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Just The Sports: The Best Rushing Backfield In The Nation

Just The Sports

Wednesday, December 06, 2006

The Best Rushing Backfield In The Nation

While everyone else wants to debate who is the best #2 team in the nation, there is a more important and serious question that deserves answering. That is, finding out which team has had the best rushing backfield in the nation during the college regular season. The finalists for this unsanctioned award are as follows: Darren McFadden and Felix Jones of Arkansas, C.J. Spiller and James Davis of Clemson, and Pat White and Steve Slaton of West Virginia. Though, each player on this list has had his share of spectacular runs, this award is not only concerned with highlight reel plays, but also consistency throughout the season down in and down out.

Coming in last place are the duo from the University of Arkansas, McFadden and Jones. If you are surprised to find them third on this last, join the party because I, too, have fallen prey to that nastiest of sports diseases. Namely, I assumed that since these two running backs, especially McFadden have received such national exposure, they were the best in the national. That is simply not the case. Even though their numbers are impressive, 53.6% success rate, 7.6 extra yards per successful run, and 3.4 yards needed per failed run do not quite measure up.

Second place requires us to travel farther north until we reach the state of West Virginia to run into Pat White and Steve Slaton. This duo, notable because it includes a quarterback, have the same success rate, 53.6%, as Arkansas' tandem. Where they have the advantage has been in the length of their successful runs, averaging 9.7 extra yards per. This makes up for the 4.6 yards needed per failed run, the highest of the three pairs.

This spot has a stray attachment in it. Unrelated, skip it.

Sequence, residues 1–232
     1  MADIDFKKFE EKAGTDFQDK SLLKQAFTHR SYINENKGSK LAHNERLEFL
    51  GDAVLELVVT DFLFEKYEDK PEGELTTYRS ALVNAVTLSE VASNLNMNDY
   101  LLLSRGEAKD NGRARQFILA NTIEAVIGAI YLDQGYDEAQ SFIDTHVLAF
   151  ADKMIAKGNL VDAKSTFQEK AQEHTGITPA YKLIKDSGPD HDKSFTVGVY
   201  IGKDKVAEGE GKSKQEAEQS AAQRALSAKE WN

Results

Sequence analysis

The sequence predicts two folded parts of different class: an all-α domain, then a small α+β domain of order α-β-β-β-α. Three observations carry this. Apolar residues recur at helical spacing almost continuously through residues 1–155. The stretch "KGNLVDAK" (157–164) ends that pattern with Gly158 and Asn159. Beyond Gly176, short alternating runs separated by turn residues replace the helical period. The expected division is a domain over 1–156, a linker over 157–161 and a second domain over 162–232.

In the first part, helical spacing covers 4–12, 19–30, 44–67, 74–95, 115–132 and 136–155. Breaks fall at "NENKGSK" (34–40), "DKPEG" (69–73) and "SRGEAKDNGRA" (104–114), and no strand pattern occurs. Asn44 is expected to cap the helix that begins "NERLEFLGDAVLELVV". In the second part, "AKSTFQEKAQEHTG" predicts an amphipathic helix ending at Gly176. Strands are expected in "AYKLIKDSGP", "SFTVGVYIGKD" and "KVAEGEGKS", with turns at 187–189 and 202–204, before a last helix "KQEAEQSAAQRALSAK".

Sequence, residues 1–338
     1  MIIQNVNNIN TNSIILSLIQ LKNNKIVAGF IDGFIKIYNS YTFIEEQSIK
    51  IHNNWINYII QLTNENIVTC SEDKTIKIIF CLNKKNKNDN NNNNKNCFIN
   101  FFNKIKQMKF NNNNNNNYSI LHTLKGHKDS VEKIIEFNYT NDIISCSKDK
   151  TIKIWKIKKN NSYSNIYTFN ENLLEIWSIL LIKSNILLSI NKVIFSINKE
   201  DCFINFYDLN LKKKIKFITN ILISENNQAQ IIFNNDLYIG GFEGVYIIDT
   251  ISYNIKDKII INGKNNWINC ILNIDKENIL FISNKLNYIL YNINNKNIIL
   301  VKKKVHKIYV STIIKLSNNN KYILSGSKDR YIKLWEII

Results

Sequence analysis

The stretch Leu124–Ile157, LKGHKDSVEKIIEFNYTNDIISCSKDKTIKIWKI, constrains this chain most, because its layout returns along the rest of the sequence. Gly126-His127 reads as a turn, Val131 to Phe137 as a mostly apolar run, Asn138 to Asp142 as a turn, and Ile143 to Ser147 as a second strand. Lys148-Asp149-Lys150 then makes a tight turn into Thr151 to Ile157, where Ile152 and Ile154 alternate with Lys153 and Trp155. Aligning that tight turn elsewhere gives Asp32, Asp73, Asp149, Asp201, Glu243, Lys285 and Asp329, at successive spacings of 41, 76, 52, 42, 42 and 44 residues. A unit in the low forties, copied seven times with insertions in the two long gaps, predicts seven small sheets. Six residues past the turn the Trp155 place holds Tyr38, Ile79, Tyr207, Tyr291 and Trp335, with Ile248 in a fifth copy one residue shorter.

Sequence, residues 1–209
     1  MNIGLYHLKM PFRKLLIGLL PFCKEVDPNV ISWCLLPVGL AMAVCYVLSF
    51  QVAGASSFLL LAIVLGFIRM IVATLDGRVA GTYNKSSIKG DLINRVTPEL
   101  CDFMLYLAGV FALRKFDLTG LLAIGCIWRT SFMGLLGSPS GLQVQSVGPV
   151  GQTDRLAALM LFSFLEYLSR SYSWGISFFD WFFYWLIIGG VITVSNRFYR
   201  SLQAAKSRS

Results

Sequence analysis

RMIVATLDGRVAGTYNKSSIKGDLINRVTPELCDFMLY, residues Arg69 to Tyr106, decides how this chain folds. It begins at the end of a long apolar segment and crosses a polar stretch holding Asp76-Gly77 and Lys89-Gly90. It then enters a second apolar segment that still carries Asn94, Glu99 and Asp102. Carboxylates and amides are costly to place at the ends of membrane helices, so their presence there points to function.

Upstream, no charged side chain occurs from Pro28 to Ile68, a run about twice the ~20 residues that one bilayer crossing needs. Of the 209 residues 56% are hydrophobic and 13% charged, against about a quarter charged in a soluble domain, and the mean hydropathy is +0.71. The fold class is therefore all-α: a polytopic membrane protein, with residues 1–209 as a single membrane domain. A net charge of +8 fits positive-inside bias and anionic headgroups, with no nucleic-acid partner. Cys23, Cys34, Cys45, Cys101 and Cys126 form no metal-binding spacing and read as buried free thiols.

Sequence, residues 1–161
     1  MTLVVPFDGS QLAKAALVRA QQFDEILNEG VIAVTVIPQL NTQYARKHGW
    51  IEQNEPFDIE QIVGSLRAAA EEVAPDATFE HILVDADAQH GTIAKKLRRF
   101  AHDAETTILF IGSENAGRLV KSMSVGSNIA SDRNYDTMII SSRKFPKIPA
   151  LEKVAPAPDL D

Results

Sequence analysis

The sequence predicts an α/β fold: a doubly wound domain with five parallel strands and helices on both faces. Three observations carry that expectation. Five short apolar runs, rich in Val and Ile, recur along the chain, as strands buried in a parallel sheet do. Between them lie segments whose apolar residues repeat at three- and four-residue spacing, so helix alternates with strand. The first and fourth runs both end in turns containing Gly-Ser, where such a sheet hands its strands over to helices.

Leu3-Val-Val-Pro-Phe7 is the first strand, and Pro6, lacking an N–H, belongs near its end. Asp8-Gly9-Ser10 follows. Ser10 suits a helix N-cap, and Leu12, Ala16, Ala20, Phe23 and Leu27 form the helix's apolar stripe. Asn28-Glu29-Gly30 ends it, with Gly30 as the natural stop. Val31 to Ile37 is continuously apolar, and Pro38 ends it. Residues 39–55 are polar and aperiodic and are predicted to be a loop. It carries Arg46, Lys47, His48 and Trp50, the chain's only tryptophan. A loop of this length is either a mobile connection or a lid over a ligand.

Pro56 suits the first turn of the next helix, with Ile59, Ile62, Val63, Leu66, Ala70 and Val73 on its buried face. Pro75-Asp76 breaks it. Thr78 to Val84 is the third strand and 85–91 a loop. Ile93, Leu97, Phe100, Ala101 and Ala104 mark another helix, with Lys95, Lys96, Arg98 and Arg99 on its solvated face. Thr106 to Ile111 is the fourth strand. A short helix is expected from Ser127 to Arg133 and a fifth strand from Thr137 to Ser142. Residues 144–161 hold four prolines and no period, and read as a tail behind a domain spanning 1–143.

Those who are master deducers have already figured out that C.J. Spiller & James Davis have won the award for best rushing backfield in the nation, but the reason why still must be given. They actually have not combined for as many long runs as White and Slaton; their 7.4 yards per successful run and 3.3 yards needed per failed run are more in line with McFadden and and Jones. But they have been the most consistent pair of the three with a 56.8% success rate, enough to make up for their lack of impressive runs and guaranteeing them the title that carries with it no honor and the award for which there is no corresponding trophy.



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